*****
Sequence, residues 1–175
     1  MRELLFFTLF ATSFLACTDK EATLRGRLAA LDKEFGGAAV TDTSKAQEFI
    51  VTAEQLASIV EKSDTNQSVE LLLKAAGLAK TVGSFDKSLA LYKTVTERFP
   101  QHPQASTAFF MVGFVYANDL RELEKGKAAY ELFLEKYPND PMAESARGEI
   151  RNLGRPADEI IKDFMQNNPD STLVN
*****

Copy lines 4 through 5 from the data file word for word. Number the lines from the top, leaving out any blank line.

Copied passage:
   101  QHPQASTAFF MVGFVYANDL RELEKGKAAY ELFLEKYPND PMAESARGEI
   151  RNLGRPADEI IKDFMQNNPD STLVN